Studying abroad is a life-changing experience. Whether you’re thinking about signing up for a semester or year abroad with a study abroad program, or considering enrolling directly in a local university in your country of choice, here are 5 things you need to know before you make your decision.

1)    Your tuition dollars pay for someone else’s study-abroad experience.

Because you’re paying American university tuition through the nose – $30,000 or $40,000 – you may believe that this money actually goes to funding your study abroad experience when you’re abroad. If it did, study abroad programs would be in great shape. It doesn’t. Only about 30% of your tuition is allocated to your study abroad program, which pays for your entire academic and cultural experience.

Furthermore, foreign universities often have very low enrollment fees, meaning that the local university receives very little, if any, money from your study abroad program, even if you take classes there.  Study abroad programs run by American universities directly (Columbia-Penn, Middlebury, Smith College, etc.) usually operate on the basis of exchange, meaning most of your tuition dollars go to pay for a student from your host country to study on your home campus. And even then, it’s not an even exchange. At about 70 students per year, the Columbia-Penn program is one of the largest in Paris, with exchanges with 4 Parisian universities. They take fewer than 10 French students in exchange programs every year, and then severely limit these students’ access to on-campus classes and resources.

What to do about it: If you feel you really need the support of a study abroad program and advisor to go abroad, there’s not much you can do about it. Likewise, if your school won’t accept transfer credits from foreign universities, you aren’t going to get around their policy. Otherwise, you always have the option of enrolling directly in a foreign university for a year of your undergraduate degree, or of doing a master’s degree abroad after graduation. Even taking into account the cost of language acclimation classes (around €5,000 at the Sorbonne in Paris), university tuition is much cheaper worldwide than in the U.S. (about €400 in France).

You’ll obviously need some money for rent and other expenses, but you’ll still save thousands of dollars. One caveat: you probably won’t be able to use federal student loans towards an independent study abroad experience, and you won’t be able to defer student loan payments while enrolled in a non-qualified school (there are some abroad, but not all).

2)    Your program fees don’t pay for your activities.

I studied abroad at the very beginning of the recession, when the Lehman Brothers were still in business and nobody knew what a sub-prime mortgage was. Not only did our program fee cover one week long trip per semester to another French town and a bunch of program-wide parties and workshops (think champagne tasting trip and trivia night with a bunch of French students), we also had an allowance for cultural activities. Our program fee was used to pay for these trips and to reimburse up to €50 per semester of museum tickets.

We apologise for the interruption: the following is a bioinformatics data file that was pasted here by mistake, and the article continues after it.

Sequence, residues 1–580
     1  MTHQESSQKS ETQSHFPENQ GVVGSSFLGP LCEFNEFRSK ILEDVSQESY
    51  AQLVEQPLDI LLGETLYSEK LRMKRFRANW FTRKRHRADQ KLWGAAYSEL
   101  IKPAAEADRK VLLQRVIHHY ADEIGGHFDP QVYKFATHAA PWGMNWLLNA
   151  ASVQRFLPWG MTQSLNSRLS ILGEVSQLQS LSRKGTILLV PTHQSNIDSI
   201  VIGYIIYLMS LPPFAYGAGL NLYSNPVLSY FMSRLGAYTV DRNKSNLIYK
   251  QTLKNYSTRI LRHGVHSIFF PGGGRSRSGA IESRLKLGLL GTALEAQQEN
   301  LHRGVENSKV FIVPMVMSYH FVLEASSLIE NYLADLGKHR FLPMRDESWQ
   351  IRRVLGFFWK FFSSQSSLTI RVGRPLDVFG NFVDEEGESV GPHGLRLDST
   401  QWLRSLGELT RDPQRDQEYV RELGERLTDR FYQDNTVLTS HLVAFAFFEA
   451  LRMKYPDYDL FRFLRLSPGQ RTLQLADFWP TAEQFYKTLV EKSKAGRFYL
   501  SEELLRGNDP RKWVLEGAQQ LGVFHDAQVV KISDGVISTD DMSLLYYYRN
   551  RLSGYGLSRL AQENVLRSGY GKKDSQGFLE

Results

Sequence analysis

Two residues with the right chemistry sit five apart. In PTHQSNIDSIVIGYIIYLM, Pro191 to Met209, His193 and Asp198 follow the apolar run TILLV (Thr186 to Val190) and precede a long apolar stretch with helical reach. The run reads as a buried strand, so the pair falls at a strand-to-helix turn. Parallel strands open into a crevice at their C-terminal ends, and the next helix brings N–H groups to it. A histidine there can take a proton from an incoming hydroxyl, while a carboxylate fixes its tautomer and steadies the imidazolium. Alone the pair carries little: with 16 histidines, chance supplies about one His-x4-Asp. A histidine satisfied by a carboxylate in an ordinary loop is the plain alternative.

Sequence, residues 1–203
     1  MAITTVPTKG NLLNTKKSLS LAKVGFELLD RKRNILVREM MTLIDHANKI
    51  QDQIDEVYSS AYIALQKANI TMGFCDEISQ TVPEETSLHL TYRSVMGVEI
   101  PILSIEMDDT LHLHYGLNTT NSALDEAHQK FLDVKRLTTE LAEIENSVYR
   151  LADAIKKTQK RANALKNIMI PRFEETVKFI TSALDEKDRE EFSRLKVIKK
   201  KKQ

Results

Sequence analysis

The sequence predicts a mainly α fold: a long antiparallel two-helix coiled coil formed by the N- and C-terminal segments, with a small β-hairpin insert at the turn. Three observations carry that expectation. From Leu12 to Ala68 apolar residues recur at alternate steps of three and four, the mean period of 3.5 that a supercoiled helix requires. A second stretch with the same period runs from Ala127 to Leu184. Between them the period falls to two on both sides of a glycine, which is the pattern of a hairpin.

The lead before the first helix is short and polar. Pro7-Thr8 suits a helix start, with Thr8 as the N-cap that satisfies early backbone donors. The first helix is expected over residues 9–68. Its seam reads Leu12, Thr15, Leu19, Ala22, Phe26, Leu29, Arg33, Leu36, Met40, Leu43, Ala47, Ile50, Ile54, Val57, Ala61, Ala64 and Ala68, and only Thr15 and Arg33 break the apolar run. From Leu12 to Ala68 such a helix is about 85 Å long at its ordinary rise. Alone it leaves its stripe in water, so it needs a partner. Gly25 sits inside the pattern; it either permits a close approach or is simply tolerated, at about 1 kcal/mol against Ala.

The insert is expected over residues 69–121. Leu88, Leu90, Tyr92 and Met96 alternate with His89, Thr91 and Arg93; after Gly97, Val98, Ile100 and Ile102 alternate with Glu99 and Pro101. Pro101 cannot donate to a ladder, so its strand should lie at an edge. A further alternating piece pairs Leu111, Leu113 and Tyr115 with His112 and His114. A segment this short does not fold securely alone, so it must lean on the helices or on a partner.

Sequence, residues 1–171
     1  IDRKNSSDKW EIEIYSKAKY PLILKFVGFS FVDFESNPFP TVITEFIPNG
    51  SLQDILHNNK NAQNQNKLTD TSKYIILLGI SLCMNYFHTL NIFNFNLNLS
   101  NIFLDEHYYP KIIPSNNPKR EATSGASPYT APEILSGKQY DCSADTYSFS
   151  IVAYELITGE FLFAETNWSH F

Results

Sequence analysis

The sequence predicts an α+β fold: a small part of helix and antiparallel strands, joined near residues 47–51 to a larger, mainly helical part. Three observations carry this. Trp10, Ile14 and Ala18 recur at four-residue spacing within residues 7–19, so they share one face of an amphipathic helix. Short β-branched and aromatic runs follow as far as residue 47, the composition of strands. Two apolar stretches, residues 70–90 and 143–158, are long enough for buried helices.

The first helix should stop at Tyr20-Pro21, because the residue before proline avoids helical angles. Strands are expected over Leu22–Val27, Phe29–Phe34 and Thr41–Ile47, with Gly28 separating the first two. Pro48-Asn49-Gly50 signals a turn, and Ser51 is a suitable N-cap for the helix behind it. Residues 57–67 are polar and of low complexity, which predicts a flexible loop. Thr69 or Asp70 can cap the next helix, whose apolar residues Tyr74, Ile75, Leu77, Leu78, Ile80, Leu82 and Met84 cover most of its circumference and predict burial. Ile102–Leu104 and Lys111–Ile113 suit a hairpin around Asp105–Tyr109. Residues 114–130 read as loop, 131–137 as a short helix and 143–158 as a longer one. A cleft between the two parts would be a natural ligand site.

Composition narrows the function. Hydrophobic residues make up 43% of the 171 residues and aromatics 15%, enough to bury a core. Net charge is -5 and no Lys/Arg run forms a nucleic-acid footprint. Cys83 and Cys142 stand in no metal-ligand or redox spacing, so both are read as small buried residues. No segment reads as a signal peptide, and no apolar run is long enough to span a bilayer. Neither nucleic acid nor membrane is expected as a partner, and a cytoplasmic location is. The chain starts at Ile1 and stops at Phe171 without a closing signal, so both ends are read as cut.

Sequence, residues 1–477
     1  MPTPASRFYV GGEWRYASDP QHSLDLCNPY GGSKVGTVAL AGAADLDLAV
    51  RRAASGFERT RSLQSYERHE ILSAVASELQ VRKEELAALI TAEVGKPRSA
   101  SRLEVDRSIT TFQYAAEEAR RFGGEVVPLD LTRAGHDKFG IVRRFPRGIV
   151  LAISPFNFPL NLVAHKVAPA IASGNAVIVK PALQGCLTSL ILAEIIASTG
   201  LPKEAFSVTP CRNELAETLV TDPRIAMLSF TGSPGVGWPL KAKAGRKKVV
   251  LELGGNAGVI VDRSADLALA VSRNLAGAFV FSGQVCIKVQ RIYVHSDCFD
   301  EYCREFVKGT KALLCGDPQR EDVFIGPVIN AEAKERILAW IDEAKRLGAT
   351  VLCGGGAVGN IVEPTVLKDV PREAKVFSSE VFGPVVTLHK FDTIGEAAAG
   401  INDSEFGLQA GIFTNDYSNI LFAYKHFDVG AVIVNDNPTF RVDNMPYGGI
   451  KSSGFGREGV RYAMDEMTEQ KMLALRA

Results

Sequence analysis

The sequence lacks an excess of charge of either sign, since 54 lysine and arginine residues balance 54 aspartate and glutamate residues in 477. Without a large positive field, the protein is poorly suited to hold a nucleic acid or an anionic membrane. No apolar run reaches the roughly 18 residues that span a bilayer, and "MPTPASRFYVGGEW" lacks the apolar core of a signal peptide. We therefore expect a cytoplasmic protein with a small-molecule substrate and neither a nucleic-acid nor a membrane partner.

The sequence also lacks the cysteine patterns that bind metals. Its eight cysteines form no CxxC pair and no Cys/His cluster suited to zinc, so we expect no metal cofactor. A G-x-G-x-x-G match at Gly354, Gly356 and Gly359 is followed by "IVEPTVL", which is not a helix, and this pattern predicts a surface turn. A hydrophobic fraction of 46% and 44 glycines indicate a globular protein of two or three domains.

Sadly, those champagne tastings are a thing of the past. With stripped budgets and reduced staff, most study abroad programs now put those funds towards other things, like photocopying your student ID card application and arrival packet, and you’re left to fend for yourself.

What to do about it: You still have to pay your program’s fee no matter what, but there are plenty of ways to have great experiences without breaking the bank. In the European Union, most museums are free for students under 25, regardless of whether you’re an E.U. national. You just have to show your ID from a European university with your birthday to qualify for free or reduced admission.

Another way to have inexpensive cultural experiences is to join a student group at the local university. While it may be hard to get information on some of these groups, local students will be excited to have exchange students among them, and will make an effort to include you in their group’s activities. Your study abroad program’s agreement with local universities should cover your ability to join student organizations.

3)    Unless you make a concerted effort, you’ll mostly speak English while abroad.

Even though I spent three summers at the Middlebury College French School, where the Language Pledge required me to speak French full-time with my American classmates, I still think it’s weird to speak anything other than English with other Americans. No matter how good your intentions are, you’ll probably end up speaking mostly English while you’re abroad, by virtue of the fact that you’ll be hanging out mostly with your American classmates.